Marijuana Concealed in Tomato Shipment
Local authorities have uncovered nearly 5,000 pounds of Cannabis hidden in a tomato shipment, their last major seizure of the year. Customs and Border Protection officials in Nogales say the load was being smuggled across the Mexican border in a tractor trailer on Thursday evening.
During a standard X-ray inspection of the cargo officers found anomalies and called for a narcotics detection dog. The dog alerted to drugs as the tomato pallets were being unloaded for inspection. 210 bales of marijuana, worth an estimated street value of $4.2 million were seized. The driver, a 48 year old man from Mexico was arrested and turned over to ICE where he shall be processed and await his day in court.
Shooting victim charged in pot bust out of hospital
FAIRFIELD TWP. — A 21-year-old man facing charges after police seized 850 pounds of high-grade marijuana from a house he was renting has been released from the hospital after he was shot in the face in a home-invasion shooting.
Angel D. Rivera, 21, was released from Miami Valley Hospital in Dayton on Monday, said Fairfield Twp. police Chief Richard St. John. He is currently in the Butler County Jail.
Rivera is charged with trafficking in marijuana, a first-degree felony, and possession of marijuana, a second-degree felony, as a result of a joint operation of the Butler County Sheriff’s Regional Narcotics Taskforce and Fairfield Twp. Police Department.
St. John said that the property owner Rivera was renting from will “absolutely not” face charges, as authorities “are confident that the people who owned the house had no clue what he was using the house for,” he said.
Rivera was shot in the face early Dec. 30 after two men forced their way through a back door of the home Rivera was renting at 6699 Fayetta Drive in Fairfield Twp. The suspects stole an undetermined amount of marijuana and fired two shots at Rivera before fleeing.
The suspects remain at large.
Rivera suffered a gunshot wound below his right cheekbone from a .22 caliber firearm; a second shot grazed the side of his head, said St. John.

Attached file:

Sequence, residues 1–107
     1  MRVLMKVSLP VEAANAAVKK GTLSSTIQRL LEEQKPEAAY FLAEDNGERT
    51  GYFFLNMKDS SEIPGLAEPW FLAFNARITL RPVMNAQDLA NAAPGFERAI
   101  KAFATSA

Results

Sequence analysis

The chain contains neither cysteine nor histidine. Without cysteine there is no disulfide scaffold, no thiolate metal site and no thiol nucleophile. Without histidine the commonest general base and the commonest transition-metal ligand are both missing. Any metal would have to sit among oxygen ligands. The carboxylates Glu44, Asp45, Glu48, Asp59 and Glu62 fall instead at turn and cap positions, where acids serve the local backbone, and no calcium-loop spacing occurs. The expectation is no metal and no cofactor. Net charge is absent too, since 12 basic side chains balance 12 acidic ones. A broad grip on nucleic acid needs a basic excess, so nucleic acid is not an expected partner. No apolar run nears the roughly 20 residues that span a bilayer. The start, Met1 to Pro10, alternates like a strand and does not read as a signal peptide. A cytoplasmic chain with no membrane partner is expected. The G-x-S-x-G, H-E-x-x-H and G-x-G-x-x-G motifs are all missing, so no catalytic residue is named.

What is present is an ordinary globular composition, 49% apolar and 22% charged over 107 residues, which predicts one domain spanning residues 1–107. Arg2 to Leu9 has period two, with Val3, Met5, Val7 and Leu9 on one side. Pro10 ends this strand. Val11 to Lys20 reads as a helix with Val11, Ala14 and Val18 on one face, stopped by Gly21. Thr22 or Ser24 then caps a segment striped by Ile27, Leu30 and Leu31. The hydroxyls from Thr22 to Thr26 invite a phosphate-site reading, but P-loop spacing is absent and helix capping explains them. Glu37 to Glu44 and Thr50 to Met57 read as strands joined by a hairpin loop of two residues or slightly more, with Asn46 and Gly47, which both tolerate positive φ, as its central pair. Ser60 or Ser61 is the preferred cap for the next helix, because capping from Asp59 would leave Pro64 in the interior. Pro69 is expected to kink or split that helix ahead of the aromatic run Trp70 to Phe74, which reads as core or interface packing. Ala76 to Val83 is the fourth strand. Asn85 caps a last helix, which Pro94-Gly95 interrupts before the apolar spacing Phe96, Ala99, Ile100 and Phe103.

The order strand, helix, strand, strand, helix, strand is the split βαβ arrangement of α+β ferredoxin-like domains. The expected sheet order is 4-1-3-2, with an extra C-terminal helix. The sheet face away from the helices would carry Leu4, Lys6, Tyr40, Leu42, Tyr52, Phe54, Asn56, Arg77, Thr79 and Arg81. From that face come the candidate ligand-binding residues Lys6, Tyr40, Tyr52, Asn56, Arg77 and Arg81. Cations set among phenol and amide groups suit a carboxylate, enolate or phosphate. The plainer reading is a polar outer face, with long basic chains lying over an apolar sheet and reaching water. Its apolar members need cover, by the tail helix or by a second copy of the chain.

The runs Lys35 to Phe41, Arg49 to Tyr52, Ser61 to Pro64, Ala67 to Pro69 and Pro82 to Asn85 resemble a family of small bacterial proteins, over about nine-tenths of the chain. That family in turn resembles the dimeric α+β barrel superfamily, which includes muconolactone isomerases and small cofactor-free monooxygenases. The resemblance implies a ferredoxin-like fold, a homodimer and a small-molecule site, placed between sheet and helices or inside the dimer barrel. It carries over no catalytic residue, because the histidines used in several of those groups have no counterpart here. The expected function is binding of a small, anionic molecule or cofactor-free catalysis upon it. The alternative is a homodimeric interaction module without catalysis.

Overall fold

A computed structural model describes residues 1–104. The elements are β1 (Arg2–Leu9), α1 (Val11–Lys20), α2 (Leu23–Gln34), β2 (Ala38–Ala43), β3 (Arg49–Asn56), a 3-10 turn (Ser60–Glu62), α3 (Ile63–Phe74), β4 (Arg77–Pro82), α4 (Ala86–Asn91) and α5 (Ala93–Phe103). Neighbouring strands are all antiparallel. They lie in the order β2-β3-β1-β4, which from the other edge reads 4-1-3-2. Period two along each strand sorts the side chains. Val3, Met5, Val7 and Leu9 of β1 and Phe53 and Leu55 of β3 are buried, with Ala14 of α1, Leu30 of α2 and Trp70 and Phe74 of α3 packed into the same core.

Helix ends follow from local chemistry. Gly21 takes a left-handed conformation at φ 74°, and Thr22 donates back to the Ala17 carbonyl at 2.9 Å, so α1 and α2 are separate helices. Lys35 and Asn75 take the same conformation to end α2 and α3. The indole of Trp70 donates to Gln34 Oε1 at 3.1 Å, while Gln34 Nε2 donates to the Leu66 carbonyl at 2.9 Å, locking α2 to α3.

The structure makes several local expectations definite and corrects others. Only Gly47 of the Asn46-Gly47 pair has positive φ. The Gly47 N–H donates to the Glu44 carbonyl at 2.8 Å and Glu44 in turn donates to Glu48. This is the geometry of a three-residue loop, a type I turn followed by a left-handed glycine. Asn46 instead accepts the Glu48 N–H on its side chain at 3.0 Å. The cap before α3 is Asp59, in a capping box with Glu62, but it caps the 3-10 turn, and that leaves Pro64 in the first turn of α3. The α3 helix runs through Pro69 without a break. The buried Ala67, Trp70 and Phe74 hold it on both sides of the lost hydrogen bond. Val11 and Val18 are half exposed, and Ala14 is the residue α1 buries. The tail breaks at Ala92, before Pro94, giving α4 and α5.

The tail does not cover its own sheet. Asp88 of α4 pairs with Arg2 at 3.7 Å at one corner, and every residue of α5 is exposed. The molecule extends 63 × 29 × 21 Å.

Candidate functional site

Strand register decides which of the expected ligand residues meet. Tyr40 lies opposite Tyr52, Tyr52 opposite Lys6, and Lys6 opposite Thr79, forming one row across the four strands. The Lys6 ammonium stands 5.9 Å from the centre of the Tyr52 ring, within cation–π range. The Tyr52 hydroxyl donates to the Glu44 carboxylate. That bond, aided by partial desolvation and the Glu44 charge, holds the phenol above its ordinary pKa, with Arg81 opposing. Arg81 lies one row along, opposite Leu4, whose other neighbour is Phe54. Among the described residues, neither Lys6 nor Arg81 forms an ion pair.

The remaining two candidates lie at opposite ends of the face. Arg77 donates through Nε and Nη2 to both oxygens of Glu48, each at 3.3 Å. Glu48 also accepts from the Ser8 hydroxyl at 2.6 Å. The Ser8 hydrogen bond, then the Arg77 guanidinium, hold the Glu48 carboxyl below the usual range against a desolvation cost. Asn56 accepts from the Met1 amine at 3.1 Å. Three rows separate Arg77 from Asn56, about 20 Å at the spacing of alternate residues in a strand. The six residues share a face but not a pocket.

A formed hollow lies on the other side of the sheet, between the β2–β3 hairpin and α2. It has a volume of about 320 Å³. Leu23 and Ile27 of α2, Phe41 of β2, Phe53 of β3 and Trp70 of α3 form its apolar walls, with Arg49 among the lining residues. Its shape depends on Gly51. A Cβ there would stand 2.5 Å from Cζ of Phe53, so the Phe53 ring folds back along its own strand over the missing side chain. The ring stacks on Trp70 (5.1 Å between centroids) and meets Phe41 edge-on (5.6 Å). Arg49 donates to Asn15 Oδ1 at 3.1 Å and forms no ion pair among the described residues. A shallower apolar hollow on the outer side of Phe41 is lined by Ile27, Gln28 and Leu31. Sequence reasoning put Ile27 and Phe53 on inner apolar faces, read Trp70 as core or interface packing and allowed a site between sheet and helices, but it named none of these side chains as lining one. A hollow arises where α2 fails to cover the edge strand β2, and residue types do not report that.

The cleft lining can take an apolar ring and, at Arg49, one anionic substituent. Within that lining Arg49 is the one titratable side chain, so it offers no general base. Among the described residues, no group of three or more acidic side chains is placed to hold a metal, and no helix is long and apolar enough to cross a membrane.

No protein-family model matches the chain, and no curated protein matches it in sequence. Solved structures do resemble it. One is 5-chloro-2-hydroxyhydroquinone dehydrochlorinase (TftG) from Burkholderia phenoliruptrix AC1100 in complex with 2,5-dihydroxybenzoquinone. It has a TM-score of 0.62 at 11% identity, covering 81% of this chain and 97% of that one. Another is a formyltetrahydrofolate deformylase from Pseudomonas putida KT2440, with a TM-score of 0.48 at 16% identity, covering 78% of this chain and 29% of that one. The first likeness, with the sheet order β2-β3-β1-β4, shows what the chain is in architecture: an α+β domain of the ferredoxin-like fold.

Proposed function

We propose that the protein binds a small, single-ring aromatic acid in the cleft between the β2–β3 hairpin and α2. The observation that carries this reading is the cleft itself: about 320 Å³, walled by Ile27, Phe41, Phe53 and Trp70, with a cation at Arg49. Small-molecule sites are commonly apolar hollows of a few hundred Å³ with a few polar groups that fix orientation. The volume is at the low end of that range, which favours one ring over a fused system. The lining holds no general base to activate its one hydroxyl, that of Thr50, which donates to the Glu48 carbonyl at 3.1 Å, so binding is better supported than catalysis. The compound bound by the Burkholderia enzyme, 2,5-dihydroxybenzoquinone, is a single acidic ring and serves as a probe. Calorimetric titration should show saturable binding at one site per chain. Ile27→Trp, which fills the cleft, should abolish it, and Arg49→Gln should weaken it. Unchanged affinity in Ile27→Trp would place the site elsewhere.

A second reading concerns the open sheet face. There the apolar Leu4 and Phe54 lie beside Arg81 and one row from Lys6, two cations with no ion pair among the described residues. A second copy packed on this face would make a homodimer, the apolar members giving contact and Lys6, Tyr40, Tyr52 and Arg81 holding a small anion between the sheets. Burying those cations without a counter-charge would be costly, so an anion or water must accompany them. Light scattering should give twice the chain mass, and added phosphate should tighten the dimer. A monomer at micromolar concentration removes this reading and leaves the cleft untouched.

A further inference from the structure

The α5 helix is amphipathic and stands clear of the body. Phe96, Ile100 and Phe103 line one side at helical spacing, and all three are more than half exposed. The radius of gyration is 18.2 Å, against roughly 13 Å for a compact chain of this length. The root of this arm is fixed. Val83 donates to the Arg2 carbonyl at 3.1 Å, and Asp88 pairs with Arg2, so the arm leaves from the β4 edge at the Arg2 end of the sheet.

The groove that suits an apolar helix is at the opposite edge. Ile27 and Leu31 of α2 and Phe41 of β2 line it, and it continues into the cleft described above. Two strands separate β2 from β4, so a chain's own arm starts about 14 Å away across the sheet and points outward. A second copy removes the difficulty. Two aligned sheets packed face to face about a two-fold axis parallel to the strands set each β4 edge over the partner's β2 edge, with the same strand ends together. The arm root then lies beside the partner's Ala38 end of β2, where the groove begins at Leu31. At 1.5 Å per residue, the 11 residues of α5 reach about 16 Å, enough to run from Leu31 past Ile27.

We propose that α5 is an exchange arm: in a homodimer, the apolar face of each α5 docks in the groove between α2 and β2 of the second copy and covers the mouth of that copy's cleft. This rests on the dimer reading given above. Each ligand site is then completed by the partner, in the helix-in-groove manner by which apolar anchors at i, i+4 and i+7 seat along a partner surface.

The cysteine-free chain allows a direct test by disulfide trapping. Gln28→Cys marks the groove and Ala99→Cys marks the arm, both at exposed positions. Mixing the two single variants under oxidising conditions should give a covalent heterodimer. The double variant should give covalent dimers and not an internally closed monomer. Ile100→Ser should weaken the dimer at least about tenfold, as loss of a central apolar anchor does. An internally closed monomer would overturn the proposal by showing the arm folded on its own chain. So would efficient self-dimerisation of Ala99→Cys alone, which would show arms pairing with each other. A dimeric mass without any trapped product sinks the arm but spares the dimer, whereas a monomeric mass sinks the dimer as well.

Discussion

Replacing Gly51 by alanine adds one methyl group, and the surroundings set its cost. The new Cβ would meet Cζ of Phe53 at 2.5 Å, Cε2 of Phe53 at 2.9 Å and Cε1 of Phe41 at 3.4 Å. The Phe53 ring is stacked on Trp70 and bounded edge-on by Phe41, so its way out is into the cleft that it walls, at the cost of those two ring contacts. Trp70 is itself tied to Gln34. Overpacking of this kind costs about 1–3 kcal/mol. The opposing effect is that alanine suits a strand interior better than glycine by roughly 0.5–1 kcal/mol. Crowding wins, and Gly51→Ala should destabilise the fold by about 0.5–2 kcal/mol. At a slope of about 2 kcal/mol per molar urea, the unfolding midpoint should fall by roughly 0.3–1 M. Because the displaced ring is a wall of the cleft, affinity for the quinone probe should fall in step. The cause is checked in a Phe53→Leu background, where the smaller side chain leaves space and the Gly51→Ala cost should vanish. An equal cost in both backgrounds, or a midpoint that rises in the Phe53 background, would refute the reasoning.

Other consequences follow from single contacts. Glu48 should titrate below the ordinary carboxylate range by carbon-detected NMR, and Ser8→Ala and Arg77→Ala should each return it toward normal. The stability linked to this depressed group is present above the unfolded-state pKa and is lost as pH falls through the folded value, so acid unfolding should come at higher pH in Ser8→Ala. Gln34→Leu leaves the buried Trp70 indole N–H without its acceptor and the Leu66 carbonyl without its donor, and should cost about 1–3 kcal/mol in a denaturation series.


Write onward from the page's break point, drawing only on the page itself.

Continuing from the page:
Rivera was transported by a Fairfield Twp. life squad to Atrium Medical Center in Middletown. From there, he was transferred to Miami Valley Hospital.
If convicted, Rivera, who previously lived in Middletown, could face up to 18 years behind bars, St. John said.
The marijuana was found in the basement of the home Rivera had rented since about September. The drugs are suspected to have come from Mexico, Jones said.
The estimated value is $1,200 per pound, with an approximate street value of $1.02 million, said Lt. Mike Craft of the Butler County Sheriff’s Office. Jones said the bust is the largest in Butler County history.
In addition to the marijuana, a 2001 Ford Ranger with Illinois license plates, a 2006 Chrysler Town & Country minivan and a 2004 Acura also were seized.
No court date for Rivera has been set.
Cannabis Factory Shame Of Ex Soldier
A former soldier set up a cannabis factory at his Hucknall home with military precision, a court was told. Police found a sophisticated arrangement at the house on Bentinck Street, with charts for each growing cycle for the drugs. A total of 57 plants was found with a yield value of more than £13,000. This could have gone up to as much as £25,000, Nottingham Crown Court heard. Jamie Smitham (30), who has now moved away from Hucknall, admitted production of cannabis and possession of cannabis with intent to supply the drug.
But he was spared an immediate prison-sentence after the judge heard of his exemplary Army record and 11 years of service to his country. The court heard that on Monday March 22, police raided the property and found 29 plants being cultivated in a grow tent in the dining room of the house under artificial lighting. In the front bedroom were a further 18 plants with lights above them and a form of air conditioning. In the back bedroom, ten more plants were discovered. These were described as being very healthy. Paper charts detailed a rolling growing-programme of 12-to-16 week cycles over the previous seven months. When interviewed, Smitham admitted doing research on the Internet on how to grow cannabis and confessed to buying seeds for the drugs from Amsterdam in Holland.
His barrister, Balraj Bhatia, said: “He went about it with military precision, given his background.” On discharge from the Army, Smitham did not seek counselling but tried to deal with a return to civilian life in his own way and started using cannabis, Mr Bhatia said. His “pretty heavy” usage was under control until 2009 when he went to the aid of a bouncer in a fracas outside a nightclub. Both of them were injured in the confrontation but three men who escaped were later given custodial sentences. While on an Army tour of duty, Smitham also saved the life of a colleague, the court was told. Judge James Sampson told him: “The police found a significant cannabis factory in your home. “But you have shown geniune shame and remorse, and you have years of service for your country.” The sentence was 12 months in prison, suspended for two years, plus 300 hours of unpaid community work and £670 court costs.